How to Text a New Mom or Dad About the Baby Without Pissing Them Off

If you're the working parent and your wife is at home with the new baby, you will receive a lot of texts. A lot of texts. Here's some advice on how to respond

by Corey Levitan
A new parent texting the other new parent about their baby

When you’re a working parent and your partner is at home — on parental leave, part-time, or full-time — you’re going to get some weird text messages. Many will be about the color of poop. Many will be about anxieties. Many will leave you wondering how to respond in a productive way (with one hand, under the conference room table). These new baby texts might sound like a minor thing. They are not. You’re still establishing open lines of communication about parenting and work with your partner so, no matter how absurd the issue, it’s worth engaging. The question you’re asking should be this: How can I engage productively?

Truth be told, your only real option is to text short replies. The key is to do this without seeming or, worse, being dismissive. Being home with a kid is really stressful so it’s critical that panic or urgency be accepted as legitimate. It’s important that you try to vibrate on your partner’s frequency even if, in reality, that’s not really happening.

Just Be an Adult

Often when a text buzzes in, it will sound like your partner has a problem she wants you to solve. But that isn’t what’s happening. In all likelihood, your wife or husband or partner just needs some reassurance or validation. It’s hard to feel confident or competent when a baby is vomiting on you. People with little kids need rational and positive feedback because they are getting irrational and negative feedback. More often than not, they’re not looking for help. They’re looking for another adult.

It might sound dismissive — and you should wordsmith it based on the way you normally converse — but a “You’re doing so well” goes really far. Appreciation is everything.

Time Your Texts

Don’t text back right away — even if you can. “I’m not that busy” is what doing so communicates. And that’s a problem because whoever is at home likely is very busy and might be harboring some resentments. Also, there’s no practical value to rapid-fire conversations. At the same time, you don’t want your co-parent to feel abandoned. The best bet, give it five to ten minutes for something somewhat pressing and ten to 15 for something that definitely isn’t.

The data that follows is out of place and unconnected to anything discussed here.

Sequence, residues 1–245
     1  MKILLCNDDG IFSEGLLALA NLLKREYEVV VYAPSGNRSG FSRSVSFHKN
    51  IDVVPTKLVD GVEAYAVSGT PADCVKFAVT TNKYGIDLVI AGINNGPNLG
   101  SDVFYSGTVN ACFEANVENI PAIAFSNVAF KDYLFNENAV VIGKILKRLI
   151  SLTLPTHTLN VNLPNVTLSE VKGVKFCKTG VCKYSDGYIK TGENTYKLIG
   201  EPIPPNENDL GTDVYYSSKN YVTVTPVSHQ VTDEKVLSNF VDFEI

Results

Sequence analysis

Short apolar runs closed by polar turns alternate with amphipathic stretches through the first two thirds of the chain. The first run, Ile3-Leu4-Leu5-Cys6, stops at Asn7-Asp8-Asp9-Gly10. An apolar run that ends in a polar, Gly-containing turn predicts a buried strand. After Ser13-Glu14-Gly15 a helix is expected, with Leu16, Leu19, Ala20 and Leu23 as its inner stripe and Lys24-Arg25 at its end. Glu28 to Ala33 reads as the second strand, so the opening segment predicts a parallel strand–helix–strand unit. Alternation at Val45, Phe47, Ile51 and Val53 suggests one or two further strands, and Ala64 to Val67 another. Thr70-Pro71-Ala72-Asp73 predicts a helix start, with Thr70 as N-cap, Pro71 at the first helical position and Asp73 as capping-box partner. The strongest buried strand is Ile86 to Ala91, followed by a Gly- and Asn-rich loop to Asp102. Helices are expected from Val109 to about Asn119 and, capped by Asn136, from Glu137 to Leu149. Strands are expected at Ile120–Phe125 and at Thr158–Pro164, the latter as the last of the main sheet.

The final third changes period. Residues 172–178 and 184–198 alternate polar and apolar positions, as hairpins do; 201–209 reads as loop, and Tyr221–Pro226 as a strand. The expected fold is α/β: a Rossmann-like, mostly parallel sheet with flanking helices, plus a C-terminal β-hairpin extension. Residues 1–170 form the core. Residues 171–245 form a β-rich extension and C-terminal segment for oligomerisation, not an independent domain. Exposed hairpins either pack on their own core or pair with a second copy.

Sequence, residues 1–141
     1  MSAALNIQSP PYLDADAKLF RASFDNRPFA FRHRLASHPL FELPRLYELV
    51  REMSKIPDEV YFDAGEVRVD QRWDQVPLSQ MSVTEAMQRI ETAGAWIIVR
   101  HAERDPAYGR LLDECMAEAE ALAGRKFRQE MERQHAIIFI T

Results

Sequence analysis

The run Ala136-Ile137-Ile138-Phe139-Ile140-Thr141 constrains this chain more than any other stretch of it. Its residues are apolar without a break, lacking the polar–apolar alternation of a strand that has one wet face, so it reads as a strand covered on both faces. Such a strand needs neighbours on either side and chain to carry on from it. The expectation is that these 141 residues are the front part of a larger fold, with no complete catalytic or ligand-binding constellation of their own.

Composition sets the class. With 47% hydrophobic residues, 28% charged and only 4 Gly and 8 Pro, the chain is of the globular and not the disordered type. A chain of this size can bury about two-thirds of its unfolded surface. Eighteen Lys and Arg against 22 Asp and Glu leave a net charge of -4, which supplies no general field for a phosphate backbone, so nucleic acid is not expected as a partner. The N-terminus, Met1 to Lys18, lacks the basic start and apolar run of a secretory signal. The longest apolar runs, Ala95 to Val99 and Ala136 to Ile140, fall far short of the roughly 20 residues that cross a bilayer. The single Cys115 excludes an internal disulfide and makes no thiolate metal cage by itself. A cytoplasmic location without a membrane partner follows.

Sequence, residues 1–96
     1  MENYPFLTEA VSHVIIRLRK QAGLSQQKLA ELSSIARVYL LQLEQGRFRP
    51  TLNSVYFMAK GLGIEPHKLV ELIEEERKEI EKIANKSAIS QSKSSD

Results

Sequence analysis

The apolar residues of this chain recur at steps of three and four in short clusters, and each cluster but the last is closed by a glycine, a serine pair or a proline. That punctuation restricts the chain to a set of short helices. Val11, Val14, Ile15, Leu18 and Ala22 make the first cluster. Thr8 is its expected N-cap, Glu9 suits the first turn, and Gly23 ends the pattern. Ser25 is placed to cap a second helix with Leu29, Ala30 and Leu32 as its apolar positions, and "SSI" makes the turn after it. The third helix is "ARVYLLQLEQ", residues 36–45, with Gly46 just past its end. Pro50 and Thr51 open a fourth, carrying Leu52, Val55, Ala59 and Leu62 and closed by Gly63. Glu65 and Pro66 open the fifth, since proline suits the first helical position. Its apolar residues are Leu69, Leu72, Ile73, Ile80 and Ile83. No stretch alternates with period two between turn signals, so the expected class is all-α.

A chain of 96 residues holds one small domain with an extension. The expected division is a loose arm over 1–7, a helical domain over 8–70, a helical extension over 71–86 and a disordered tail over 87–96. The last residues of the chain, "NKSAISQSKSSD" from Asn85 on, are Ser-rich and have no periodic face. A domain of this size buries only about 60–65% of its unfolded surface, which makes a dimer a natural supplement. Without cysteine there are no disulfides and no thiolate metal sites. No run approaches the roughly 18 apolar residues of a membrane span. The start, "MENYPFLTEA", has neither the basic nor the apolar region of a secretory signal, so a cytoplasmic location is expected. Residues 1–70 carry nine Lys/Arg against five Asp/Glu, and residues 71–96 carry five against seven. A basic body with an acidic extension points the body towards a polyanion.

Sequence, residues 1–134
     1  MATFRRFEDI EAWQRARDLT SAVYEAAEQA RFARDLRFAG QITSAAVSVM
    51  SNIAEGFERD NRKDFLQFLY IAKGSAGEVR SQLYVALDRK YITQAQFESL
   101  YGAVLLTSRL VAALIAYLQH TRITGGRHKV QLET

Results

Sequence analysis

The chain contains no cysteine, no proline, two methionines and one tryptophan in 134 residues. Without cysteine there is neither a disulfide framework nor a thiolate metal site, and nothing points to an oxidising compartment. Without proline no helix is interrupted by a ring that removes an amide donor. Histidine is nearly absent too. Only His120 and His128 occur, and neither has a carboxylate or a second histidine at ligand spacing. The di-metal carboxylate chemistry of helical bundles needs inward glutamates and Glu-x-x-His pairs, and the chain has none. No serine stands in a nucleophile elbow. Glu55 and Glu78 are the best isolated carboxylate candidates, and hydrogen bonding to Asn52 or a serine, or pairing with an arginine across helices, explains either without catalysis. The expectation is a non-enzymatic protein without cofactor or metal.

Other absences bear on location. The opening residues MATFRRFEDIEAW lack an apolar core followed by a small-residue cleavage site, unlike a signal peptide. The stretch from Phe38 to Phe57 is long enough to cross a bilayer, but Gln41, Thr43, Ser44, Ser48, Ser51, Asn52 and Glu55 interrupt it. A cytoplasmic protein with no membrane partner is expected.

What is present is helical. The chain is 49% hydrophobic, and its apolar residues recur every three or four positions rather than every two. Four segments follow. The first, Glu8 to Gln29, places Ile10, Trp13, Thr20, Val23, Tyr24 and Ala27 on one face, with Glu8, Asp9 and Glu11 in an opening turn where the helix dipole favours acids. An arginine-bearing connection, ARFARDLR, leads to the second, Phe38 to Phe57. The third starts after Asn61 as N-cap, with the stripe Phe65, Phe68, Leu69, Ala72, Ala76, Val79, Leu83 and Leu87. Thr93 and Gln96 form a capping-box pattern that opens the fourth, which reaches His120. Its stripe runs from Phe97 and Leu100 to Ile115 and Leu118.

Provide Your Timeline

Sometimes even five to ten minutes just isn’t possible. Meetings arise. Conference calls need to be conferenced. Business needs to be businessed. Explain the situation to your partner so she or he aren’t left wondering why you’re ignoring them. That way, she’ll understand why she needs to wait every 90 minutes to hear back from you and why, then, you’re only responding for 10 minutes at a clip.

 If you are unfortunate enough to have a job where your every move is watched – say, by a camera or a floor manager – then head to the bathroom stall. Chances are, half the people are using a bathroom stall to text anyway.

Take a Deep Breath

You will, at times, feel bombarded by texts. Stress will overwhelm you and you will want to respond back in a not-so-pleasant way. Consider this cheat sheet for what you actually should say.

How you really feel vs. What you should say:

  • “That’s nothing to worry about.” / “I’ll look it up when I get home.”
  • “Please stop texting so much.” / “Busy, talk later?”
  • “Can you please calm the fuck down?” / “Can I pick you anything at the store on the way home?”
  • “Get a grip, insane person!” / “Love u!”
  • “Holy shit! Stop, just stop!” / “Love u!”

Use Text Shortcuts

I know, I know… it’s not the most honest. But if you’re rushing through work so you can get home to be with said wife and child, it would spare you precious office time to save certain blanket supportive statements as custom text shortcuts. In addition to those mentioned above (See: “You’re doing a great job!” and “Love u!”)

Also save “Awwwwwwww!” (with extra w’s) for photos. Save lots of supportive statements so you don’t repeat one suspiciously often. Yes, it’s cold. But you need to strike a proper balance between your professional and personal life, and sometimes, seconds count.

A few things to avoid…

Don’t get annoyed. It’s fine to be annoyed, but it’s not fine to communicate that over text. You’re not a good enough writer to pull that off. Shakespeare wasn’t a good enough writer to pull that off. If you need to air some grievances, do it at the end of the day face to face.

Don’t tell anyone to relax over text. That’s a rule of thumb that applies to all situations, but particularly to baby situations.

Don’t apologize to your coworkers or your boss. Your kid matters more than your job. If they don’t get that, there is something wrong with them. You don’t have to be aggressive about that messaging, but don’t grant the premise that you need to be focused on work all the time. You don’t.